It’s curious that these journalists cannot fathom why the studio may be hesitant to engage with them on anything more than an industry-professional level, considering how these past few months have seen numerous outlets and personalities take issue with and create hit pieces concerning almost every element of Cyberpunk 2077, sometimes even ignoring the context of the game’s entire setting in order to justify their outrage.
Between Lead Quest Designer Paweł Sasko’s explicit denial that the game would be influenced by Black Lives Matter, to accusations of transphobia over a single “Did you just assume their gender?” joke, Cyberpunk 2077 has been the favorite scapegoat for game journalists to project their own personal pet issues on to.
For the most egregious example of this projection, look no further than the now-infamous controversy surrounding one of the game’s in-game advertisements for the fictional beverage Chromanticore, whose billboard features a woman with a prominently displayed set of male genitalia adorned with the slogan “Mix it up”.
Immediately upon its previewing to the public, CDPR faced an enormous wave of backlash, with most of the outrage based on the assumption by critics that the advertisement was a commentary on contemporary transgender sociopolitical issues.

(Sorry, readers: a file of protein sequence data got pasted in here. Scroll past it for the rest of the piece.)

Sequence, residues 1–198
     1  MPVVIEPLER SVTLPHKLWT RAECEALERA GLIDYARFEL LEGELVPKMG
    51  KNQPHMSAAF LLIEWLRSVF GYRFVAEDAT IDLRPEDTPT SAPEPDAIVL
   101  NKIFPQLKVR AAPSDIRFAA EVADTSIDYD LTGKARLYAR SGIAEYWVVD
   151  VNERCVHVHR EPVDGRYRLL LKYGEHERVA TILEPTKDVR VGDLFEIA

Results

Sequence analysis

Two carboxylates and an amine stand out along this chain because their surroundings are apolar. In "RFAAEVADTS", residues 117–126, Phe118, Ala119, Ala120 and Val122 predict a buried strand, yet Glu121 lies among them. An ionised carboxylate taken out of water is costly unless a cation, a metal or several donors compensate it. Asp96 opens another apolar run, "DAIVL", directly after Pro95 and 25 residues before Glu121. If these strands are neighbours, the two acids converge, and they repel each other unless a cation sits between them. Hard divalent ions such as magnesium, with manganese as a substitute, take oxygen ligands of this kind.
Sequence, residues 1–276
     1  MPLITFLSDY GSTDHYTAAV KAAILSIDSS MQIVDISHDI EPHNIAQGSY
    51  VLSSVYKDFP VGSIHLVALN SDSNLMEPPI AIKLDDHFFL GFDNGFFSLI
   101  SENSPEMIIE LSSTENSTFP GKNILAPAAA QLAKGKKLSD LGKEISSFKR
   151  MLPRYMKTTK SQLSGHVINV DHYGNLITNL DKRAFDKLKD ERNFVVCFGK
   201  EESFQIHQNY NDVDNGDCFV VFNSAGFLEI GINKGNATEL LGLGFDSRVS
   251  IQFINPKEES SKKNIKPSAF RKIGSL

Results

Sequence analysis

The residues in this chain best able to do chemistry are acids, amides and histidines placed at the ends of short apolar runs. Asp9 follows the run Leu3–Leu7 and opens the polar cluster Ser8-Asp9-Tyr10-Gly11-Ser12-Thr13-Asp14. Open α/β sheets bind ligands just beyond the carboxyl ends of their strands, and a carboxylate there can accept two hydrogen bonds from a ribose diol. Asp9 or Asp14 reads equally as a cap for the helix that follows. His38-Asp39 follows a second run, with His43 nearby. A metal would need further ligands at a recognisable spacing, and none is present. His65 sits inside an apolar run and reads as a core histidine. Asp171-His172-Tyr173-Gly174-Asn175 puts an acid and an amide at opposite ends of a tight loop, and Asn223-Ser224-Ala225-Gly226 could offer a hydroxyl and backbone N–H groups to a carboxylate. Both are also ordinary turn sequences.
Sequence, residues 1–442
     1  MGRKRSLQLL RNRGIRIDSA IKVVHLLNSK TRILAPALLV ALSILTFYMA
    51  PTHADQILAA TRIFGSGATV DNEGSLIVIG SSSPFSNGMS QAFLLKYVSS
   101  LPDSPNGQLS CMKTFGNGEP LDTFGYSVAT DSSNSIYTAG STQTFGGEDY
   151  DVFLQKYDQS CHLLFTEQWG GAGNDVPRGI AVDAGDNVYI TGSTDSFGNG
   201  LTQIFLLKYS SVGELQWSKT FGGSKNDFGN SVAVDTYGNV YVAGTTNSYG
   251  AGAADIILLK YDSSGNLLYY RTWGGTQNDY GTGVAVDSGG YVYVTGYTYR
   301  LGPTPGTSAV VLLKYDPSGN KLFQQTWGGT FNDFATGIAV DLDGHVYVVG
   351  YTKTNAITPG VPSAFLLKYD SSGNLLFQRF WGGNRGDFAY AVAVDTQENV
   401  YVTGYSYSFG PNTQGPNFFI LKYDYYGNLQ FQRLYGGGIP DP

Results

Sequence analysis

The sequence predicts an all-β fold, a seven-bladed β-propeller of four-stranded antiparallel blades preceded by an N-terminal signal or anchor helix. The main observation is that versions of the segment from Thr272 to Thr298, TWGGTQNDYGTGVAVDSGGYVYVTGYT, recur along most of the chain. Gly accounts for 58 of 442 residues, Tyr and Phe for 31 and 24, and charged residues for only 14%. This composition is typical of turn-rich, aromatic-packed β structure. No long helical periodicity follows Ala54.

This, of course, ignores the entire setting of Cyberpunk 2077, not to mention the entire concept of the term ‘Cyberpunk.’ The cities and worlds featured in this genre of the story are not put forth as shining utopias of progress, but rather desolate, downtrodden places where advanced technology has become a standard part of people’s lives.
As such, despite such elements being controversial in the real-world, it would not be surprising in such a setting to see gender and sexual identity commodified and sold for profit as commentary on the evils of corporate exploitation.
This disconnect between video game journalists and the reality of the industry is no more apparent than in Polygon’s review of the title, where author Carolyn Petit spends the first seven-paragraphs of the piece (a total 43% of the review) taking issue with how the game fails to “humanize trans identities.”
“There’s real potential for a grim world like the one Cyberpunk 2077 offers to serve as a lens through which our own world is critiqued, but the developers at CD Projekt Red failed to do anything with the trans options and identities they incorporated into the game to make them function in this way, and as V, you never have the option to say or do anything about it,” laments Petit. “The objectification of trans people is just background texture, nothing more.”
Petit’s review was later praised by her Feminist Frequency co-host Anita Sarkeesian, who drew attention to how “even just a few years ago we would never have had a mainstream review of a mainstream AAA game that dedicates the opening SEVEN paragraphs to the game’s success or failure at trans representation.”
“That’s not nothing,” she concluded.
Cyberpunk 2077 releases on PlayStation 4, Xbox One, Google Stadia, and PC platforms on December 10th, with a next gen version for the PlayStation 5 and Xbox Series X/S dropping sometime in 2021.